I read your blog 3 months after I visited Petra (March 2015). My first entry was also at night, and I had no idea just how difficult the walk through the Sig is (if you cant see at night – while there are candles, you really cant see that at times you are in sand, pebbles, rocks, and sort of cobblestone/rocks/sand). However, here is where my experience deviates. I had a fantastic time, and if I ever manage to get anywhere near Jordan again, will do a second night entry. I was exhausted when I got back to my hotel at midnight, knowing that I was going to be the first visitor at 6am to re-enter. The night experience is a once in a lifetime for an American. I am an amateur photographer, and had three camera and a very heavy tripod that my guide loaned me (he did not come… so I carried the gear). My night photos are great – and a few are ruined by the idiots using flash or whose camera screens serve as white dots on my images. I sat in the back on a bench so that I could use the tripod and not block anyone’s experience. I do agree that so many Americans are annoying with their incessant chatter. I have been to Angor Wat to experience the monks chanting at sundown, the Great Wall to experience a solidary quiet walk, and Machu Picchu (tho’ with unavoidable crowds)…. and because of how voice travels through the Sig, the only way to experience the solitude of the area is the 6am entry, and by 6:30am, you will hear people talking in the Sig. I wish I had known to bring a flash light to help prevent me from stumbling up and back in the Sig at night…. but I would not trade the experience. It was worth every dollar. I spent the entire next day, wandering around Petra…. and was totally exhausted from the two entries. Ironically, I did not know that I dropped an expensive gold bracelet that night in the sand near the bench. The next morning, as I contemplated live of the original inhabitants at that early morning entry, I looked down and spotted something sparkly… it was the bracelet that I did not know I had lost. That was my magic moment in Petra.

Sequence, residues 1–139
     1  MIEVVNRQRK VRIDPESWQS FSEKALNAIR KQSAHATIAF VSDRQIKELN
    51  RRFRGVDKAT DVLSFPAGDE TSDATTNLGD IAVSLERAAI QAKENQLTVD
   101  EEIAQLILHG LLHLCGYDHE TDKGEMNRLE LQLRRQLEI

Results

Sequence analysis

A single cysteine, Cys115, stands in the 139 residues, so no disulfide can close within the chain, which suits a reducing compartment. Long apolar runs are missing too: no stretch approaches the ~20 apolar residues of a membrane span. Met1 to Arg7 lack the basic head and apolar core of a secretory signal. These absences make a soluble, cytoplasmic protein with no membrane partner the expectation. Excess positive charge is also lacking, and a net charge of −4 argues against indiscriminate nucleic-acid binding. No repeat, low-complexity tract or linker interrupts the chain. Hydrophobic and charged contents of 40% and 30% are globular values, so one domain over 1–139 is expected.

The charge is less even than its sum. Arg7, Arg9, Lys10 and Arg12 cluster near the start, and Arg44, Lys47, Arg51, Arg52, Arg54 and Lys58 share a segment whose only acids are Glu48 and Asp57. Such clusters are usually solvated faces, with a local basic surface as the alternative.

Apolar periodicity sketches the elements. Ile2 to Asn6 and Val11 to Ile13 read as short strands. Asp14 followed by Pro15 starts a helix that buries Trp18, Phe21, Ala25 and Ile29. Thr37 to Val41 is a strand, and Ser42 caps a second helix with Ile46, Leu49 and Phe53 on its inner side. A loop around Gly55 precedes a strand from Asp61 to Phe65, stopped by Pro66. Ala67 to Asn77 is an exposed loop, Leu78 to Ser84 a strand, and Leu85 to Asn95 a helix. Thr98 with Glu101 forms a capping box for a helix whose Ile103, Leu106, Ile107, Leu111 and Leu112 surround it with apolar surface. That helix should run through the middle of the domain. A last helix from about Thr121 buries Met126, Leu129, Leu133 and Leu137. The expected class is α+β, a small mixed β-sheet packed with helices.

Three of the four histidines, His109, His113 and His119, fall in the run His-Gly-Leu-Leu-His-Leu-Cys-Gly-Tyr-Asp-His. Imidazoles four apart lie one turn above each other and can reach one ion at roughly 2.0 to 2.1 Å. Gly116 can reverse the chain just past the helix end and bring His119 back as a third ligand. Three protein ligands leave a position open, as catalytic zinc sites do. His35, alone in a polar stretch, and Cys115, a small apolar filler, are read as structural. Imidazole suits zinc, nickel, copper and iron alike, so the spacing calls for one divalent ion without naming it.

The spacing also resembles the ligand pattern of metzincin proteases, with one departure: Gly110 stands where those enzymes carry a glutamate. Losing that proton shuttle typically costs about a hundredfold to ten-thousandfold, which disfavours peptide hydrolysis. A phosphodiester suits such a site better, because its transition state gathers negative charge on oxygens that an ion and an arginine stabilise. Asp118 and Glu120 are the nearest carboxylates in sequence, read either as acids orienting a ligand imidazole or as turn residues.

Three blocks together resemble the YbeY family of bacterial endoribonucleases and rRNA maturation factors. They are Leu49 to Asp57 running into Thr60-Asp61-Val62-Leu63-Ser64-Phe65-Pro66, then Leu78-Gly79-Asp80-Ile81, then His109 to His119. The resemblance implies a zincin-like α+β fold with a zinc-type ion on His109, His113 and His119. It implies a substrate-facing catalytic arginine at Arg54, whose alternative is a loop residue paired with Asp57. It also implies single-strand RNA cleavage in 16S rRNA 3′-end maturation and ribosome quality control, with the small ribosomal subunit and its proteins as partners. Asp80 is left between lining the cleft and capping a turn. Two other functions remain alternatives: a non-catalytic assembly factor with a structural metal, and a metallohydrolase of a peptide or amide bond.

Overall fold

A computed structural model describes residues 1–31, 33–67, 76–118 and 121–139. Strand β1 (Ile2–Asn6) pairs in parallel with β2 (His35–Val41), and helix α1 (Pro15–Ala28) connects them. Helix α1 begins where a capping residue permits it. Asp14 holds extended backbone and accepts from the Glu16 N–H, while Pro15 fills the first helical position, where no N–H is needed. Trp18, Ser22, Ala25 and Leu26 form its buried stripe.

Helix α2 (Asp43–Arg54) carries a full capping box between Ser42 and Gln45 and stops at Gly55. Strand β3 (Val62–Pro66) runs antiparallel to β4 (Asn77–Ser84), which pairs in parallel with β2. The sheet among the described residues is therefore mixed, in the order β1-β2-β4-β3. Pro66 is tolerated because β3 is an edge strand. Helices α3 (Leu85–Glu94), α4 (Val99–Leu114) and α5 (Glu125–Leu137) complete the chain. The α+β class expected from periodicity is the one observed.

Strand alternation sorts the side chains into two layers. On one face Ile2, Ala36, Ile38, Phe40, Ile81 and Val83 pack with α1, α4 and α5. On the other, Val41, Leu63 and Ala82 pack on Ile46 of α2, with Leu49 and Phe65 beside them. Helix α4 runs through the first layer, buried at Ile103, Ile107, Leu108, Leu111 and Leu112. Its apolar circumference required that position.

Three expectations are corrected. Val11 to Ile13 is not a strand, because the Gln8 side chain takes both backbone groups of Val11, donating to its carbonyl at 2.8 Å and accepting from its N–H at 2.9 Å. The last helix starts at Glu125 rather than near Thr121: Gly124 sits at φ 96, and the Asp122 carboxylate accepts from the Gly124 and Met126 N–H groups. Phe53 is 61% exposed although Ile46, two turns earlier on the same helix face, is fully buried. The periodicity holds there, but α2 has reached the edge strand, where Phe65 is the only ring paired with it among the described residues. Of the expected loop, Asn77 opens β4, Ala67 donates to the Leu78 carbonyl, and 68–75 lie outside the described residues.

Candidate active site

During the day entry… I was aghast at the number of people that pay to be carted around on animals that are clearly being abused. Anyone reading these messages…. please send a message to the Bedouin that it is not ok to abuse the mule, camel and horses. This is the unpleasant side of entry to Petra.

    Reply
  19. Neha

    Aww, that’s a shame! We had just the perfect experience of Petra by night. Calm, serene and the climatic viewing of the treasury was unlike any other experience I ever had before. I’m sorry you couldn’t enjoy your Petra by night enough ?